Amazon | Book Depository

Follow me:

Twitter
Youtube
Goodreads
Instagram

Eliza and Her Monsters by Francesca Zappia

Content warning: anxiety, a situation that is reminiscent of outing that could make you uncomfortable

Eliza creates a very popular webcomic, no one knows who she is though. Everyone just thinks she’s a loner, and her parents don’t understand how big her comic is. Then the biggest fanfic writer for the comic transfers to her school and they get on so well, but even he doesn’t know who she truly is.

I’d heard a lot of hype about this book prior to reading it and honestly it did not let me down in the slightest.

This story was in a similar vein to stuff like You’ve Got Mail, which is one of my fave rom coms ever on the planet so I was so happy reading this. Not only was there a really sweet romance but there was a lot of representation of anxiety and as someone who struggles with¬† anxiety the representation felt so spot on for me. I was reading it, just feeling so represented and I started crying a few times just because it was so spot on.

Ok, so of all the characters I think my favourite(s) were Eliza’s brothers. They were messy like little brothers can be but they also really understood her. And when everything goes awry they’re the ones to explain to Eliza’s parents how out of it they are. I also just really loved Eliza and Wallace. Together and apart they’re just such wonderful characters. They’re so passionate and awkward and it balances out so well.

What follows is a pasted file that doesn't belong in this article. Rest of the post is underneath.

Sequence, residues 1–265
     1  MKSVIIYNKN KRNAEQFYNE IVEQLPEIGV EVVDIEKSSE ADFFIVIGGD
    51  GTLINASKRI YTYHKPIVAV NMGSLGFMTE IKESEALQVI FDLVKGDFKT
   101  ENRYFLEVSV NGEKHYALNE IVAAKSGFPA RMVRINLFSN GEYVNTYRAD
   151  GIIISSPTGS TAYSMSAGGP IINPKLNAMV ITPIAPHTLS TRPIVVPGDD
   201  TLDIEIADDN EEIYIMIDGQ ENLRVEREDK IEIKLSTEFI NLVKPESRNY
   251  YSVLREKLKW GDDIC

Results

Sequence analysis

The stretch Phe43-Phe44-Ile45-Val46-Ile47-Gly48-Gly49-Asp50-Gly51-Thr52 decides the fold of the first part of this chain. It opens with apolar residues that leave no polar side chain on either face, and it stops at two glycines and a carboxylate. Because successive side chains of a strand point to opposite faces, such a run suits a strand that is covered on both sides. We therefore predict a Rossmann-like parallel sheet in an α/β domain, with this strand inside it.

This is one of those books that I just loved so much that I don’t know what to say? I just want everyone to read this. And I want to buy this book when I have the money to as I read this from the library. If you have the opportunity to read this you should, unless you’re worried that the content may hurt you, in which case ask me about the content :).

Amazon | Book Depository

Follow me:

Twitter
Goodreads
Instagram

I Believe In a Thing Called Love by Maureen Goo

Since reading this book I’ve started watching K-Dramas so I kind of wish I’d read it now because I think I would’ve liked it even more.

Desi is the kind of person who always has a plan. But she doesn’t have a plan in romance and she wants to be with a boy. Then she starts to watch K-drama and develops a game plan to follow the steps of a k-drama to get the boy.

One of the biggest things I saw people complaining about in reviews prior to reading this was that the whole premise was silly and irrational and blah blah blah. But I think these people have forgotten what it’s like to be a teen to be honest. When I was a teen I had a crush on a different boy every week. This was before I realised I was a flaming queer. I wouldn’t have put it past myself to do something similar to be honest.